9. Add herbs to your borders
Not only are herbs very useful additions to the garden, but they are also beautiful. Rosemary with its tall billowing stems and blue blooms makes for an eye-catching addition, while voluptuous sage plants can provide the perfect foil to show-stopping blooms. If you plan to harvest your herbs be sure to put them within easy reach so you don't end up trampling your border to access them.
While most herbs are fine to add to your border, avoid planting mint outside of a container. Its fast-growing nature will mean you will be weeding mint plants out from all over your garden if you give it a chance.
Remember to make regular sowings to keep your crop alive and kicking for an easy garden idea.
10. Use herbs to line your vegetable patch
Lining the edges of your vegetable patch with herbs brings endless benefits. Not only does it mean you'll get to harvest delicious herbs alongside your veg, but it will also help to increase your yield. The herbs – when flowering – will attract pollinators 'the flowers of many herbs such as mint, rosemary and thyme are well-liked by bees,' says Liam Lapping of Flowercard (opens in new tab). The bees will then also pollinate your fruiting crops such as beans, peas, tomatoes, cucumbers and peppers and increase your harvest.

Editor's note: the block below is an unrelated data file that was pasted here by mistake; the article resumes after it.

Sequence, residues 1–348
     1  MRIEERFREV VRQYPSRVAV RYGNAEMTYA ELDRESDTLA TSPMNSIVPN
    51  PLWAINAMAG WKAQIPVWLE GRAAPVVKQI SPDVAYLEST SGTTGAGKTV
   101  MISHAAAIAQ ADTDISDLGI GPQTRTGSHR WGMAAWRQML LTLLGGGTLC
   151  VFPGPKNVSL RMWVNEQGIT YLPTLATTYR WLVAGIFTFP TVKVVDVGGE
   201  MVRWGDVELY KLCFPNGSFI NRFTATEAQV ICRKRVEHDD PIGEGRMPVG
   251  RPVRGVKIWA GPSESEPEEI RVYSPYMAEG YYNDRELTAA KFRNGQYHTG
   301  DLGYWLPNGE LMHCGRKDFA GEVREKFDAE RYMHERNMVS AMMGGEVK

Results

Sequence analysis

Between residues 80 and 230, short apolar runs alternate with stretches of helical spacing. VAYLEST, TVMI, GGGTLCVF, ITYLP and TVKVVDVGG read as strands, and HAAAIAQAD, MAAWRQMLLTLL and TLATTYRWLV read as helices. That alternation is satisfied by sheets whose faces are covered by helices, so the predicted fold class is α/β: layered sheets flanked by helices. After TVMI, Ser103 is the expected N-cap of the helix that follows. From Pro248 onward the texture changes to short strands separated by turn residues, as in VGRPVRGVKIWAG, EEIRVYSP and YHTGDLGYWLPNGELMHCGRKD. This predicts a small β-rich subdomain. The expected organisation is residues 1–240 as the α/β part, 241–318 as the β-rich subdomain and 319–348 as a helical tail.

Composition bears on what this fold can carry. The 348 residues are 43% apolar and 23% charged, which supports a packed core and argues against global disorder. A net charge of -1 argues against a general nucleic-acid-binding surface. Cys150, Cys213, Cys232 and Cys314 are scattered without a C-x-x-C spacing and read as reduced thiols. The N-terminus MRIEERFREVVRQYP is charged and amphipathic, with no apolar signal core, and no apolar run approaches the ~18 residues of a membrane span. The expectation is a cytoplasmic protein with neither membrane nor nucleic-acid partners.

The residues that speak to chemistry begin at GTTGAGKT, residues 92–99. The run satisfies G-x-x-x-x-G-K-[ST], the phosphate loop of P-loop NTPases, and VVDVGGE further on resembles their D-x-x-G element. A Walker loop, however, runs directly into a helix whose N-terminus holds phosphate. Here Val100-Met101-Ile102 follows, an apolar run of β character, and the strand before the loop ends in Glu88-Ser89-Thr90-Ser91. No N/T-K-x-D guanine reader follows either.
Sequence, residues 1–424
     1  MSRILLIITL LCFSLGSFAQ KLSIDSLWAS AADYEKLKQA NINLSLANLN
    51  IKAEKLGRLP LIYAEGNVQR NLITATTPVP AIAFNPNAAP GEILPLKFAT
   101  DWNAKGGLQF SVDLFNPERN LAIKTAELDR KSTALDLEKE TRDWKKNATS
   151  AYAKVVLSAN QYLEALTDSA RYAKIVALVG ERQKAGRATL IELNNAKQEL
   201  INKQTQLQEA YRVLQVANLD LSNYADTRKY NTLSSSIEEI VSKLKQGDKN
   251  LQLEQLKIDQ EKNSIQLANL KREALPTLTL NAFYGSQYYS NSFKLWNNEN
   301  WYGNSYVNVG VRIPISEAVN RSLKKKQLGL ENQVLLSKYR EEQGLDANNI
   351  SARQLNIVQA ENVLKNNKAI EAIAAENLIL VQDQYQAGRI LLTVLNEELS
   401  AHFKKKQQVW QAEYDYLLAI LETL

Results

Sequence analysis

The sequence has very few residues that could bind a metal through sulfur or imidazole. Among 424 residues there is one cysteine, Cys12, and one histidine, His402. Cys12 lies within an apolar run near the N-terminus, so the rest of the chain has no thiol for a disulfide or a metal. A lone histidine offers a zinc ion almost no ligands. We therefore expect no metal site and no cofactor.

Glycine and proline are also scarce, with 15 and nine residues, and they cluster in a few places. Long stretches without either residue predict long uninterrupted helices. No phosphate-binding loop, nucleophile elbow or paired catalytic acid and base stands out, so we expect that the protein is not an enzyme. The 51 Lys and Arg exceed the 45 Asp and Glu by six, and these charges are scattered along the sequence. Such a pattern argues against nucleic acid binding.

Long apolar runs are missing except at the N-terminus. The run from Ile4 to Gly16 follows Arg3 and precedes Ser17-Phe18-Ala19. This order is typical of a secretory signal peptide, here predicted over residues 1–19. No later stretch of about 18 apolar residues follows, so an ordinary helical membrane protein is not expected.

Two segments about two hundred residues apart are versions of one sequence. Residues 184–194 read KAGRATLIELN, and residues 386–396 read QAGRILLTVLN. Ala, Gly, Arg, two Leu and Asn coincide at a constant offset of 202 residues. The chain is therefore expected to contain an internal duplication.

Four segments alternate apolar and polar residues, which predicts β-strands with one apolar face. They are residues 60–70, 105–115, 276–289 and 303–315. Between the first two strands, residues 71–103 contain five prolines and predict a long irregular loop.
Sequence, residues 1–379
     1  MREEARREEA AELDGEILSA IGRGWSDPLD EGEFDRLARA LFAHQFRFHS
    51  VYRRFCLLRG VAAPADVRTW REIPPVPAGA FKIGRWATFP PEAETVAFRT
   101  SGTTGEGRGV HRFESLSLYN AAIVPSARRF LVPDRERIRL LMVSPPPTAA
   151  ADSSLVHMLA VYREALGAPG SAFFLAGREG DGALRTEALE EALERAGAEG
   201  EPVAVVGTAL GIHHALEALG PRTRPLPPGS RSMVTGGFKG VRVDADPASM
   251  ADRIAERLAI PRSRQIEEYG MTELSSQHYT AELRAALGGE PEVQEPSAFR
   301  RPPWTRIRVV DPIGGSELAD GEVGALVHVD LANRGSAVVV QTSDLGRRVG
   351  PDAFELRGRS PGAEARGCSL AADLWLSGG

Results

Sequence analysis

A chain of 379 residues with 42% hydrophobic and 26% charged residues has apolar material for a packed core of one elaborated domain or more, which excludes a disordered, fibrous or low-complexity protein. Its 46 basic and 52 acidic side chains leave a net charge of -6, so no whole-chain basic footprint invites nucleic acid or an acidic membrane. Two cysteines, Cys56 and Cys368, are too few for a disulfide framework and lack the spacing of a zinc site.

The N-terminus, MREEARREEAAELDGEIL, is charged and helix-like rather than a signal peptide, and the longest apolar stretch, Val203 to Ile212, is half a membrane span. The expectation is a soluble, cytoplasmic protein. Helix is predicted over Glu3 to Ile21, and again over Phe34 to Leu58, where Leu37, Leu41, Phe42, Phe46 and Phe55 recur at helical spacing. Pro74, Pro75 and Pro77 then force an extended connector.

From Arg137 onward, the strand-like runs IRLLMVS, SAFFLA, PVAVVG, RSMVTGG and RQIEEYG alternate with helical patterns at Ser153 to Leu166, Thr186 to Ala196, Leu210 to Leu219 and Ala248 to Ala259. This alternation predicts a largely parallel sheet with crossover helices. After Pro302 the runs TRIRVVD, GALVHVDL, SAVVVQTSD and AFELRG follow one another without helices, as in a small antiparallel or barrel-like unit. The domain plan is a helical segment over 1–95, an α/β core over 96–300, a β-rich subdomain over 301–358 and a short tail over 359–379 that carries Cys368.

Herbs also have strong aromas and while it's one of the reasons that we love them, it proves an effective deterrent for insects and pests that can ravage your crops.
11. Grow herbs in gaps and cracks to prevent weeds
'You can plant beautiful flowers in your paving cracks and wall gaps, rather than letting the weeds establish themselves,' says plantswoman Sarah Raven (opens in new tab).